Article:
Sint Maarten is a constituent country of the Kingdom of the Netherlands. On October 2010 the Netherlands Antilles fragmented into two countries, Curaçao and Sint Maarten, and three municipalities. The Charter of the the Kingdom of The Netherlands grants autonomy to Sint Maarten to develop its own internal laws in accordance with Kingdom rules and regulations. However, international treaties and conventions are signed by the Netherlands on behalf of the island. The education system of Sint Maarten is modeled on the Dutch education system. The Ministry of Education, Culture, Youth and Sport is the highest authority in education on the island.
The 2010 Constitution of Sint Maarten promotes in its Article 11 the right to free education. Special primary education and other types of special education shall be financed from public funds according to the same standards as the equivalent type of public education. Article 16 of the Constitution promotes the principle of equality: ‘All persons in Sint Maarten shall be treated equally in equal circumstances. Discrimination on the grounds of religion, belief, political opinion, race, skin colour, sex, language, national or social origins, membership of a national minority, assets, birth or on any grounds whatsoever shall not be permitted.’
The National Ordinance on Compulsory Education introduced compulsory education in 1991 for 5-to-16-year-olds. The law introduced free education for all children and mandatory tuition for secondary and higher education. In 2008 the ordinance was replaced by a new law which extended compulsory education to 4-to-18-year-olds. According to UNDP, Curaçao and Sint Maarten have the lengthiest compulsory education system in Latin America and the Caribbean.
The 2011 UNDP First Millennium Development Goals report for Curaçao and Sint Maarten indicated that universal access to primary education had been achieved in both countries. According to the UNESCO Institute for Statistics, in 2014 the gross enrolment ratio in secondary education was 88.51% for females and 92.69% for males. However, at the tertiary level the gross enrolment ratio is higher for females, with 8.33% against 3% for males in 2014. Many children and adolescent drop out of school and do not enter higher education. According to UNICEF’s 2003 report The Situation of Children and Adolescents in Sint Maarten, the main reasons for dropouts are emigration and entering the workforce. Pregnancy is another factor keeping girls out of school.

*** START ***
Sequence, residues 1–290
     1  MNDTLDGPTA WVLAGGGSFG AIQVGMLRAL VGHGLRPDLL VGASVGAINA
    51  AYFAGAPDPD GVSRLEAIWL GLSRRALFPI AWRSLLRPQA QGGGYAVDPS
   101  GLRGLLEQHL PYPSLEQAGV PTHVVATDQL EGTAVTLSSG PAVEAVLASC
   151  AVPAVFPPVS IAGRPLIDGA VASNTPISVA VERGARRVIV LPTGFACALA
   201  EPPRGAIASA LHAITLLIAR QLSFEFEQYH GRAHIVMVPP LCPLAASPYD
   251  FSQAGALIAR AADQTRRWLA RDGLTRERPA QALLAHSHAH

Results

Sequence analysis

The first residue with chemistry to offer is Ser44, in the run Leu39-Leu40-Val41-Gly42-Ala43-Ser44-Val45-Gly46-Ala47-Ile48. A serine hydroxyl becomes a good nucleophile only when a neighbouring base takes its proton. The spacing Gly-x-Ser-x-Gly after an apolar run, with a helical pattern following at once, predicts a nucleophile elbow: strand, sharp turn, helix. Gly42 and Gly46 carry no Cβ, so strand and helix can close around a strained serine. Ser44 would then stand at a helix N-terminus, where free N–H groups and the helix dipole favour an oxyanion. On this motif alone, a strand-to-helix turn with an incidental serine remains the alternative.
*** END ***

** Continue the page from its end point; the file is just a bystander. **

After education was made compulsory under the 2010 Constitution, some marginalized groups that previously did not had access to education, such as children with special needs and undocumented immigrants, were able to access education. According to UNDP, it is estimated that between 10% and 15% of the school-aged population consists of undocumented immigrants. Many of these children are educated in special schools for undocumented children, which hinders their inclusion in society. In addition, even if the regular education system has tried to welcome these students since the approval of the compulsory education law, the absorption capacity of the education system is limited for students whose native language is other than Dutch and English.
As reported in UNICEF’s 2013 report The Situation of Children and Adolescents in Sint Maarten, the state provides funding for public schools, denominational schools, universities and technological institutes as well as for school transportation, scholarships and second chance education. Children with disabilities in Sint Maarten are educated in special schools and are not mainstreamed into regular education.